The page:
The news confirms Vernon’s worst fears: something strange IS going on in Britain. He steels himself to mention it to Petunia, who confirms that the Potters’ son IS named Harry. Damn. This is getting serious. Ah, but surely the Dursleys couldn’t possibly get drawn into whatever is going on. Are you raising an eyebrow here? I would if I knew how.
When Vernon is finally sleeping, we go back to the cat. Seems kind of important, this cat, as it sits resolutely on the wall. Curious. And then comes Albus Dumbledore. He is old, fashionable, twinkling, and appears to have been in a fight or two. We immediately want him to be our grandfather.
“I should have known,” he says to the cat. Should we have known, too? Albus Dumbledore then clearly DOES MAGIC. You guys. Those people in the cloaks. Those were wizards! Vernon Dursley is going to be so, so very upset.
But what is the magic for? And why, as it turns out, has a woman named Professor McGonagall been sitting on a wall disguised as a cat all day? (Wizards can turn into cats? There is a fortune to be made on the internet! Also, what is she a professor OF? Who are her students?) What does You-Know-Who have to do with Albus Dumbledore and Vernon Dursley? (These names are all excellent, by the way. They are both very believable and extremely easy to remember.)
McGonagall the Tabby is stern and proper, and she wishes a little that everyone else was too. And there’s that word again: Muggle. What’s a Muggle? Vernon Dursley certainly seems to be one, which makes me hope that I am NOT one.
“We’ve had precious little to celebrate for 11 years.”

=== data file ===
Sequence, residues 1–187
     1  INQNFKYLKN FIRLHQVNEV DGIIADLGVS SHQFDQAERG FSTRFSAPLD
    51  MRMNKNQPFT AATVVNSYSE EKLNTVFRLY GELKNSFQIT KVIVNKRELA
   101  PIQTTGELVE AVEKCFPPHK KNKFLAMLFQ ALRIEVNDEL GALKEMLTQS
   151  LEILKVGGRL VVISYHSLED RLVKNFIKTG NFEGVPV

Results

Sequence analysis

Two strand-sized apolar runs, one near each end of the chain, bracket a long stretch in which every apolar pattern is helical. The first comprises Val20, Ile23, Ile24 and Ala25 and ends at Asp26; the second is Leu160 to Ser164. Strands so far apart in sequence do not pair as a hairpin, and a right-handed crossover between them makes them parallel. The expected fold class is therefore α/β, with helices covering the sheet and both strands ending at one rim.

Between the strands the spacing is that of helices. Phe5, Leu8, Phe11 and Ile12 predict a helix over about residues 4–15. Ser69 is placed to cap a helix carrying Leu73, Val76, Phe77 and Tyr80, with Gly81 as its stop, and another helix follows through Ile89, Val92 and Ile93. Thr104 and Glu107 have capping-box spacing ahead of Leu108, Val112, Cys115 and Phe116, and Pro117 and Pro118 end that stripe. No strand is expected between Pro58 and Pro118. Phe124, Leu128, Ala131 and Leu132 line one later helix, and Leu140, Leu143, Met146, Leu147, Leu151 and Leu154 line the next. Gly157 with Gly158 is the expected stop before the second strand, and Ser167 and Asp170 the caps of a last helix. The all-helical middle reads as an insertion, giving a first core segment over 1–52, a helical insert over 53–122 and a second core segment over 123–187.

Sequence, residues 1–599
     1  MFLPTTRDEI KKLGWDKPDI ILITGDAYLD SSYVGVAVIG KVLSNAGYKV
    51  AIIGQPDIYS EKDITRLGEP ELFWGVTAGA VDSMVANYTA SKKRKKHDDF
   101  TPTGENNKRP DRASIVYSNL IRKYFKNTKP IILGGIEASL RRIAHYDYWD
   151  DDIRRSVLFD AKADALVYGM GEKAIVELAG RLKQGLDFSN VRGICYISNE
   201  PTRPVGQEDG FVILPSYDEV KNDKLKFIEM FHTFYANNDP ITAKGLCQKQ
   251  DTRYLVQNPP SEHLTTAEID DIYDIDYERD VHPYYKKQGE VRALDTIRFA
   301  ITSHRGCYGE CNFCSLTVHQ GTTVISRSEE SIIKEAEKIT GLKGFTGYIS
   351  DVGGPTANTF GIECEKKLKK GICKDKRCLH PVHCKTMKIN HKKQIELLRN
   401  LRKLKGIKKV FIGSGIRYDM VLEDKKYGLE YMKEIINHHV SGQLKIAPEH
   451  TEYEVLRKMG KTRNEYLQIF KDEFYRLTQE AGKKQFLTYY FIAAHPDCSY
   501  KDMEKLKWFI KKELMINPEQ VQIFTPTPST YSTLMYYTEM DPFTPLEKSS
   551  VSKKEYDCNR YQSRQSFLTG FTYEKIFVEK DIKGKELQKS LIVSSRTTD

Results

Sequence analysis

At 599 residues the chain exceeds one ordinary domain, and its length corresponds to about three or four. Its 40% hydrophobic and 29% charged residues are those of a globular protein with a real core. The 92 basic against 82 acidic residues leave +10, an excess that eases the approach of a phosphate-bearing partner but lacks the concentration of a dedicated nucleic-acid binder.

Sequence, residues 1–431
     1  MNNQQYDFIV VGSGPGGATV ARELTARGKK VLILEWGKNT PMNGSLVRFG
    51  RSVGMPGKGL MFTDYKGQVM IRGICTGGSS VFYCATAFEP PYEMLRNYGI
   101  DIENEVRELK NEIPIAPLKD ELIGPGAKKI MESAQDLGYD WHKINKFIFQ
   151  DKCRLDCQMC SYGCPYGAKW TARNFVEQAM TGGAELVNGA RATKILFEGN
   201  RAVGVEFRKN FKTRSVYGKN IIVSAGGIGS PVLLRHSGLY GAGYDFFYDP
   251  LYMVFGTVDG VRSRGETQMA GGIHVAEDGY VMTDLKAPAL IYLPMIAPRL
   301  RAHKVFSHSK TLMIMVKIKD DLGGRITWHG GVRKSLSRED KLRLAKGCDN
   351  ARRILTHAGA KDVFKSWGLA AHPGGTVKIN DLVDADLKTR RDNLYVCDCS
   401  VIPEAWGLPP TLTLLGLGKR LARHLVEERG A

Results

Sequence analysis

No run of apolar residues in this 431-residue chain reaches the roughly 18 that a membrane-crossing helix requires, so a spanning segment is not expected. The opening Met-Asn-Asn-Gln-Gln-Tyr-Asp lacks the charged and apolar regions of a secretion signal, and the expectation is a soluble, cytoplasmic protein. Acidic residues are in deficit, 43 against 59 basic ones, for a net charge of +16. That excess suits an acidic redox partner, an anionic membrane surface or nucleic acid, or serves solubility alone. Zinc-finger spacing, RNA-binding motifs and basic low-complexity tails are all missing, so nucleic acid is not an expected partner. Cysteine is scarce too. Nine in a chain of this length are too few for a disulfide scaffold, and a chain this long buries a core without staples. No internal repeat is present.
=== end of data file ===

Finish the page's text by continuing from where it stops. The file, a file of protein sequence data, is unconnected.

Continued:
Uh-oh. You-Know-Who seems to be a pretty bad guy. But hey, Dumbledore has lemon drops, so it’ll all be OK now, yeah? And here, finally, we get the exposition we’ve been dying for. You-Know-Who’s real name is (whisper with me) Voldemort, and the only wizard he’s afraid of is Albus Dumbledore, who carries lemon drops in his pockets.
It turns out Vernon was right to worry. The rumors are that Voldemort has killed Lily and James Potter, and we don’t have to wait for Dumbledore to confirm this one. Stern, stiff McGonagall turns out to not be so tough after all. It’s clear that she cared for Lily and James. A world is unfolding before our eyes and we haven’t even quite noticed, because what we want to know is: what about Harry?
Oh, Harry survived. (Hello chapter title!) And he somehow—destroyed Voldemort? This is astonishing. If McGonagall is stunned, we certainly are too. Dumbledore checks his magical watch and confirms that Hagrid is late. Ah, that’s who we’re waiting for. It turns that Hagrid is bringing Harry to live with his aunt and uncle.
Um. Maybe they ought to have done some research first? This is not going to go well. Dumbledore doesn’t want him to grow up famous, but the Dursleys’ are really, really awful. Maybe some other Muggle family?